Let the Beauty of what you Love be what you Do...

Thursday, August 23, 2012

High Sierra Solo~ Part 3 of 3: Over Donohue Pass & into Lyell Canyon

"I thank you God for this most amazing day,  for the leaping greenly spirits of trees, and for the blue dream of sky and for everything which is natural, which is infinite, which is yes."     
  ~e.e. cummings

The perfect quote for my 3rd day of hiking in the Sierra! I have to admit, this is my favorite section of the trail... I'm hiking through trees & meadows, and then gradually higher into the wide expanse of granite that reaches up to touch the pure blue sky. The following pictures were taken as I left my campsite & began hiking towards Donohue Pass. Gorgeous beyond gorgeous these views are, and while the pictures never do it justice, try clicking twice on any image for greater detail.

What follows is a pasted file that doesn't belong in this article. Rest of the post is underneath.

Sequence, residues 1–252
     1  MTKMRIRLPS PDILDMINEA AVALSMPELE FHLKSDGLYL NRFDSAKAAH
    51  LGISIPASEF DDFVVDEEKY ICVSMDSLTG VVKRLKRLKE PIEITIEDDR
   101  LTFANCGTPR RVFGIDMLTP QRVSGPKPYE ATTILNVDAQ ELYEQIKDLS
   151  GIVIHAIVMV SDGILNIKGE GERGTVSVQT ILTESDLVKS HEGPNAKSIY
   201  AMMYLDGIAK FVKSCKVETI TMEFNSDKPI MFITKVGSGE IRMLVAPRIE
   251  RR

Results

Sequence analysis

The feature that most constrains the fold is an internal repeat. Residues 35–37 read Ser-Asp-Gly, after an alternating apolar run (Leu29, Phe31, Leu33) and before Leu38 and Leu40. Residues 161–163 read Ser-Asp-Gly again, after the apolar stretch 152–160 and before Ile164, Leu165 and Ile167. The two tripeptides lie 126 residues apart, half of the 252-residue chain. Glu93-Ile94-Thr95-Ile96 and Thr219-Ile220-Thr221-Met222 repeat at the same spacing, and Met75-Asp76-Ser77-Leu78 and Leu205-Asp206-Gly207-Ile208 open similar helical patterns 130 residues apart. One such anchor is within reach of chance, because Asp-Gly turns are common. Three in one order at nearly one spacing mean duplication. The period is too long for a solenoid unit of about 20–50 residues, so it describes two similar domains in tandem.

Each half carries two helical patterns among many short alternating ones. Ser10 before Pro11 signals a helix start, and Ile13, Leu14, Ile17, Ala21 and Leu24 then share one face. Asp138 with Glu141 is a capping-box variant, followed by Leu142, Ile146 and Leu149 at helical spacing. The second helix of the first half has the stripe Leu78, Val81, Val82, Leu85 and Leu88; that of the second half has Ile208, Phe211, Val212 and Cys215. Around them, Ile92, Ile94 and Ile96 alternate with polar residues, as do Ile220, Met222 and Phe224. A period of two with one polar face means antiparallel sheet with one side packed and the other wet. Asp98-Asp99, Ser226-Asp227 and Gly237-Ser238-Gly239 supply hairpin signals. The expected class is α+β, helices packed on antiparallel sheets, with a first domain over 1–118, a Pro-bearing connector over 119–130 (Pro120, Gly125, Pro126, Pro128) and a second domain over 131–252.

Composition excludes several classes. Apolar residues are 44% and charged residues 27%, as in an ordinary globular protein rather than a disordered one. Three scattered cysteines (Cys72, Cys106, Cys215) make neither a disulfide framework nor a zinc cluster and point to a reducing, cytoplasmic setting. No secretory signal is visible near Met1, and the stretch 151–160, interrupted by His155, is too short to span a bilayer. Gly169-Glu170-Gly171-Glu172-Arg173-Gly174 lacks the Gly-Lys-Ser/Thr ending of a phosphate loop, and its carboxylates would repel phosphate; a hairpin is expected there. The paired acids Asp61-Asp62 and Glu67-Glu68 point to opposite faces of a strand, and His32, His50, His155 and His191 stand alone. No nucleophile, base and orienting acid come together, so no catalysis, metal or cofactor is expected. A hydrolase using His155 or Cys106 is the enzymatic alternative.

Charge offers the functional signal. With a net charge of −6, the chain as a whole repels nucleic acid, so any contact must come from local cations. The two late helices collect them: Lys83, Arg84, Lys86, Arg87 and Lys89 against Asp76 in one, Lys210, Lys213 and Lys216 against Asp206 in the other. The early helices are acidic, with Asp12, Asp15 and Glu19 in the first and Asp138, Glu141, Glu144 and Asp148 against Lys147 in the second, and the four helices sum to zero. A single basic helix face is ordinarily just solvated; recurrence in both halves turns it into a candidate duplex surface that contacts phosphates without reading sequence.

Above, the clouds appear to be converging over the pass itself.

Climbing the pass, I look into the immense basin below, dotted with trees, streams & rock.

Higher still, everything below becomes "miniature," except the looming mountain ranges.

These views feed my soul, I stop often to breathe it all in.

Donohue Pass~ Elev. 11,056

Reaching the crest of Donohue Pass- it's a big pile of Granite & I love it!

The view to the left...

and to the right... simply awe-inspiring!

Looking to the valley below, I see how far I have to go to my next camp way off in the distance. I also have to descend 2,500 ft or so... a fair amount of down hill.

But that's not a worry... I have miles & miles of spectacular scenery along the way.

Eventually I finish my descent from high & lofty places,

 and walk along Lyell Canyon for the last few miles before setting up camp.